You had no hope.—Eph. 2:12.
Every Christian minister is involved in helping to find honesthearted ones. We could liken this work to finding a lost child. In what way? Consider the real-life example of a three-year-old boy who wandered away from home. About 500 people were involved in searching for him. Finally, some 20 hours after the child went missing, a volunteer discovered the little boy in a cornfield. That volunteer refused to take credit for locating the boy. He said: “It took hundreds of people to find him.” Many people are like that child. They feel lost. They have no hope, but they want help. Over eight million of us are involved in trying to find these deserving ones. You may not personally find someone who will study the Bible with you. However, other publishers working the same territory may find someone who wants to learn the truth found in God’s Word. When a brother or sister meets someone who becomes a disciple of Christ, everyone who shared in the search has good reason to rejoice. w19.07 16-17 ¶9-10
I am pressing on toward the goal.—Phil. 3:14.
The apostle Paul reminded the Christians in Philippi of the need to keep running with endurance. The congregation faced hostility from the start. It all began when, in response to the divine invitation to “step over into Macedonia,” Paul and Silas arrived in Philippi about 50 C.E. (Acts 16:9) There they found a woman named Lydia, who “was listening, and Jehovah opened her heart wide” to the good news. (Acts 16:14) She soon got baptized along with her household. However, the Devil was not idle. Men of the city dragged Paul and Silas before the civil magistrates and falsely accused them of causing a disturbance. As a result, Paul and Silas were beaten, imprisoned, and later urged to leave the city. (Acts 16:16-40) Did they give up? Never! And what about the brothers and sisters in the newly formed congregation? Commendably, they too endured! No doubt they were greatly encouraged by the good example that Paul and Silas set for them. w19.08 2 ¶1-2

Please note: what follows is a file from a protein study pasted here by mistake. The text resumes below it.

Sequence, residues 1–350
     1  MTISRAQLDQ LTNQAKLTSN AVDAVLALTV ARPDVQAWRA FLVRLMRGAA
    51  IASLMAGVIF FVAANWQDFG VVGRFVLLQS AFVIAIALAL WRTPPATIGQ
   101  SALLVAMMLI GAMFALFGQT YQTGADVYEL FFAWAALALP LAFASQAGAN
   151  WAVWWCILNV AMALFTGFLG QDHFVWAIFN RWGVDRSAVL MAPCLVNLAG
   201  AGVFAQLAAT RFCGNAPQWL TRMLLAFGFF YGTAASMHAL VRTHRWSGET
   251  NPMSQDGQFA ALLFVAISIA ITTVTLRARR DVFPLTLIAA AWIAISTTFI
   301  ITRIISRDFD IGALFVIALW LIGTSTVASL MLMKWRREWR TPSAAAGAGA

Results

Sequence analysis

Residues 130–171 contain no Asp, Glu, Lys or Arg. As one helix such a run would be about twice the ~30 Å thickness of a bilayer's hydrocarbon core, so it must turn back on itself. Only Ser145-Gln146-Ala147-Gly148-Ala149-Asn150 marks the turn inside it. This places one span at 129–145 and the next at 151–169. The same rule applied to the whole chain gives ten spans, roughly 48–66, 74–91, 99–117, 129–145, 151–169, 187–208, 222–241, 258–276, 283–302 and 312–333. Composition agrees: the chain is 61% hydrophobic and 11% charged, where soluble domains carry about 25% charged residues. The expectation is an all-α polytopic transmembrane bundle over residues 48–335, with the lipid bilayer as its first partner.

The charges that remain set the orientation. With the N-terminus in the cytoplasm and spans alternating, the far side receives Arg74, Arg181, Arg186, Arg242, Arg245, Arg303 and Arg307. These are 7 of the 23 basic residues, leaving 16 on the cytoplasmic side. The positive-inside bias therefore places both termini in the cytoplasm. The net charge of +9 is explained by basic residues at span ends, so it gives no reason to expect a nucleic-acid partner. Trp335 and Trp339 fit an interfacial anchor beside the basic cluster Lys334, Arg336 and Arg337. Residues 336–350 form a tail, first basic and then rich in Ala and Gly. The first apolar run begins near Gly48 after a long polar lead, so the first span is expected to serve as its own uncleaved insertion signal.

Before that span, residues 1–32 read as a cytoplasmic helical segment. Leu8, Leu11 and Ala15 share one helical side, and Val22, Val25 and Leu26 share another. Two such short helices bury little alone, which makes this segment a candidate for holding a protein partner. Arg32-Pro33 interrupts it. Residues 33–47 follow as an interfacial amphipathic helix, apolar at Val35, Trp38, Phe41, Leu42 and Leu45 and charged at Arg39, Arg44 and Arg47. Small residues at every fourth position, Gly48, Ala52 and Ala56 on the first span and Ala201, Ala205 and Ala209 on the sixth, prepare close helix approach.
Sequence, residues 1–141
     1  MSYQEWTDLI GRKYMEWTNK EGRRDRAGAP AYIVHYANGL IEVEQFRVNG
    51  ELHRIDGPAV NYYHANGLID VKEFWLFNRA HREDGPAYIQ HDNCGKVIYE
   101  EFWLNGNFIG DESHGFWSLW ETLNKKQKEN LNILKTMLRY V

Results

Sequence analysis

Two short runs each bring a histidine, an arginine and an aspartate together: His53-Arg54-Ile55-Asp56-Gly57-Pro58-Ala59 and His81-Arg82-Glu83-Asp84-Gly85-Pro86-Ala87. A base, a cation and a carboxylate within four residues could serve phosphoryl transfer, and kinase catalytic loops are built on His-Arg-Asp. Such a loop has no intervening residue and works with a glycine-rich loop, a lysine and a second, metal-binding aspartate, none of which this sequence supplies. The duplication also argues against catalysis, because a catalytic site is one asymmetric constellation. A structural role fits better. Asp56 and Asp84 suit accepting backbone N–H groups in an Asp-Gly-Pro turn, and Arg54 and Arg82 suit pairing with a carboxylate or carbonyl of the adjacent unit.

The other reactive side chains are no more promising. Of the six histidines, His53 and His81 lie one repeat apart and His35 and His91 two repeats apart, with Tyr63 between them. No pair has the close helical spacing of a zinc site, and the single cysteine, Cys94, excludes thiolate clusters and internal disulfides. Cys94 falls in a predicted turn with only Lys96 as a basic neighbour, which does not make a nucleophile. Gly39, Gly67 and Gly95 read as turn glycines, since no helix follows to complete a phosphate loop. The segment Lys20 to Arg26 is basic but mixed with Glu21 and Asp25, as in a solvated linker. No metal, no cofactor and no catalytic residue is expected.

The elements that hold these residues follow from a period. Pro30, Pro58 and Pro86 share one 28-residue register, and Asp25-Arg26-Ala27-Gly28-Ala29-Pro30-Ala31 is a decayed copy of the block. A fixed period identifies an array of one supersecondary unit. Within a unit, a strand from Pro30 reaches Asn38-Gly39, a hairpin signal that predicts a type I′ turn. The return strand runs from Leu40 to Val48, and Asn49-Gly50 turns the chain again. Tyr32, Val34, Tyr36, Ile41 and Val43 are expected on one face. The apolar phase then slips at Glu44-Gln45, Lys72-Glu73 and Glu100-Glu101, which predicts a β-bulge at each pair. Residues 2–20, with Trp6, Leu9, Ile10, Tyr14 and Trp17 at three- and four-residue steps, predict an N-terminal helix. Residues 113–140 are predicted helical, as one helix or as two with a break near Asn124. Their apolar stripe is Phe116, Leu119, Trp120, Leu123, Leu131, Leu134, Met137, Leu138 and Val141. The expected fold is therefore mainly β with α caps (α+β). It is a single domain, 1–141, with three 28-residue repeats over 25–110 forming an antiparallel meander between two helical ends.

Be filled with righteous fruit.—Phil. 1:11.
No doubt this “righteous fruit” included love for Jehovah and his people. That would also include speaking to others about our faith in Jesus and our wonderful hope. We bear “righteous fruit” when we actively share in the most important work of making disciples. (Matt. 28:18-20) No matter what our circumstances, we can shine as illuminators. In some cases, what seems to be an obstacle to declaring the good news may turn out to be an opportunity for us to preach. The apostle Paul, for example, was under house arrest in Rome when he wrote his letter to the Philippians. But his chains did not hold him back from preaching to his captors and to visitors. Paul preached zealously under these circumstances, and this gave the brothers confidence and courage “to speak the word of God fearlessly.”—Phil. 1:12-14; 4:22. w19.08 12 ¶15-16